16. The system of claim 15, wherein at least one of the one or more manageability conditions is one of a host operating system boot failure, a boot-manager detects the host operating system not booting, a user initiated trigger, a local heuristic trigger, and a remote console trigger.

17. The system of claim 16, further comprising the remediation environment operable to diagnose one or more host operating system problems; and attempt to repair the one or more diagnosed host operating system problems.

18. The system of claim 15, further comprising an application specific integrated circuit (ASIC), coupled to the chipset, the ASIC operable to: lock the portion of the flash device with the stored remediation environment from allowing updates when a host operating system is booted.

19. The system of claim 18, wherein the ASIC is further operable to: unlock the portion of flash device with the stored remediation environment to allow updates when the host operating system is not booted.

20. The system of claim 16, wherein the flash device controller unit is further operable to: reboot the system when a manageability condition appears while the host operating system is booted; and load the remediation environment from the flash device instead of the host operating system upon reboot after the appearance of a manageability condition.

Description:

FIELD OF THE INVENTION

The invention relates to flash memory. More specifically, the invention relates to accessing and using a portion of a flash memory to store and utilize a system remediation environment.

BACKGROUND OF THE INVENTION

Remediation environments such as remediation operating systems and diagnostic and repair code are helpful to increase the robustness of computer systems. Remediation code is utilized to boot a computer system safely when the normal boot process becomes corrupt. In certain scenarios, the boot process can become corrupt when unsafe or unverified code is loaded during the operating system load process. For example, a virus can load corrupt code modules to damage the system. Another way in which the normal boot process becomes corrupt is due to a damaged hard disk drive that stores the operating system. Certain sectors in a hard drive may become unreadable and thus, portions of the operating system are not able to load correctly. Remediation operating systems are usually stored within a protected area of the hard disk drive on a computer system or stored remotely from the computer system.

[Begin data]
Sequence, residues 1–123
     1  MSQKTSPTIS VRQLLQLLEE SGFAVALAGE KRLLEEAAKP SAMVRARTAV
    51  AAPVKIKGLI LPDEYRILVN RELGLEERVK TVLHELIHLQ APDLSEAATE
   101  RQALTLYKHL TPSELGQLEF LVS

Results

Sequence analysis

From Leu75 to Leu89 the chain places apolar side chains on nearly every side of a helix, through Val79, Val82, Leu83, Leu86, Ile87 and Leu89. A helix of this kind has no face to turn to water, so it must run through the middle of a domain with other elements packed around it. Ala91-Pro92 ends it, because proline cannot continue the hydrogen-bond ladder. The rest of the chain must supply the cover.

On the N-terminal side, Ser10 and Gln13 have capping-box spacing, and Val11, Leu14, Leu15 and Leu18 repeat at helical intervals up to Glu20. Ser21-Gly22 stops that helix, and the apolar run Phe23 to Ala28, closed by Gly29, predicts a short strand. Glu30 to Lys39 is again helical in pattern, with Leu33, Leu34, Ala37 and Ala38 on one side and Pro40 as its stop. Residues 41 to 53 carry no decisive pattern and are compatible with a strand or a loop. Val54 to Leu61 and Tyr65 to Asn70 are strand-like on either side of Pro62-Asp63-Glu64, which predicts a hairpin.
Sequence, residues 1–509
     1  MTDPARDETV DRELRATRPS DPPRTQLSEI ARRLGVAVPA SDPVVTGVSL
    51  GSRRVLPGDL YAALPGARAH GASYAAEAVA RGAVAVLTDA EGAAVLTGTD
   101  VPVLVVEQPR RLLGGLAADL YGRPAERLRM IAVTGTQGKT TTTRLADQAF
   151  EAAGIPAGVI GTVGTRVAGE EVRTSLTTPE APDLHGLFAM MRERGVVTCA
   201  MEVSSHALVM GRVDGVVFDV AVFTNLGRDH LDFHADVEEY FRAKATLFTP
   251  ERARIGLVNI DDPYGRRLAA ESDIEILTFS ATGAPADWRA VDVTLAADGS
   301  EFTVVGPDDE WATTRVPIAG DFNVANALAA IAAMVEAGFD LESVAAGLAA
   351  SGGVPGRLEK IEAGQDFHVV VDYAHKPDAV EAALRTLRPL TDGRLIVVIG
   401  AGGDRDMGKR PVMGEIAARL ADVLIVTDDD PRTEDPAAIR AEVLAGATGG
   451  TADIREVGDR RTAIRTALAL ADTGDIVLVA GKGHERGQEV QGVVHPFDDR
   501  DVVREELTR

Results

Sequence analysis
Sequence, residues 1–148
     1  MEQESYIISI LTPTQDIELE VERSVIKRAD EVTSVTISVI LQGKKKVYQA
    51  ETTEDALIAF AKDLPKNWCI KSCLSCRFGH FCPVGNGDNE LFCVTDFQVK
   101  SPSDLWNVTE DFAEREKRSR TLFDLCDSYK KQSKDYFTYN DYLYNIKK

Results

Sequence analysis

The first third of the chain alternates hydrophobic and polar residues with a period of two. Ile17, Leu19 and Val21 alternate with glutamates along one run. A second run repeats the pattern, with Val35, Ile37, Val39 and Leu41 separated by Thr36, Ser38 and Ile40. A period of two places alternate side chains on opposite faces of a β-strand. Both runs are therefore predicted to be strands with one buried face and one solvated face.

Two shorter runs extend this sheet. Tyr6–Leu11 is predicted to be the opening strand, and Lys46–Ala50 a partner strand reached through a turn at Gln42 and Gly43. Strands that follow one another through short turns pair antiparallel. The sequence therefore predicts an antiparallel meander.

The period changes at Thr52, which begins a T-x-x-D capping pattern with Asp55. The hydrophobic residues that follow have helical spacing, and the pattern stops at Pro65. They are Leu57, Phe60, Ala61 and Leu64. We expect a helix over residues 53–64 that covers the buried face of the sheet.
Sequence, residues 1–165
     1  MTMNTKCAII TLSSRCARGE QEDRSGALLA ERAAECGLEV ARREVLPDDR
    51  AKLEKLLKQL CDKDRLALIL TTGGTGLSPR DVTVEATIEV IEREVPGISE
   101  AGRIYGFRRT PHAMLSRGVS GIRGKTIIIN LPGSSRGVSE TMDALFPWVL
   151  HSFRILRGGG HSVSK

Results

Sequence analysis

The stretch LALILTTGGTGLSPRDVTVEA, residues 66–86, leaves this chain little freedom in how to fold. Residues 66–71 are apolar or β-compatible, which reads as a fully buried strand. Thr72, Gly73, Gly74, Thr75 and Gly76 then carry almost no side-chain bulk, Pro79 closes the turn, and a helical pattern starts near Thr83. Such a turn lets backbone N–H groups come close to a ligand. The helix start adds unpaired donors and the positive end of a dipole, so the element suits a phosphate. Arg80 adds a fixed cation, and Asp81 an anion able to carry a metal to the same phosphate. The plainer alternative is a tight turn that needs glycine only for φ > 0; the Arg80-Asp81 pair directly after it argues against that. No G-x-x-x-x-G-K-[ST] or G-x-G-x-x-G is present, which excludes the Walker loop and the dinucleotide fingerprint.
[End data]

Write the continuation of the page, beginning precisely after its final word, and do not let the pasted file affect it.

BRIEF DESCRIPTION OF THE DRAWINGS

The present invention is illustrated by way of example and is not limited by the figures of the accompanying drawings, in which like references indicate similar elements, and in which: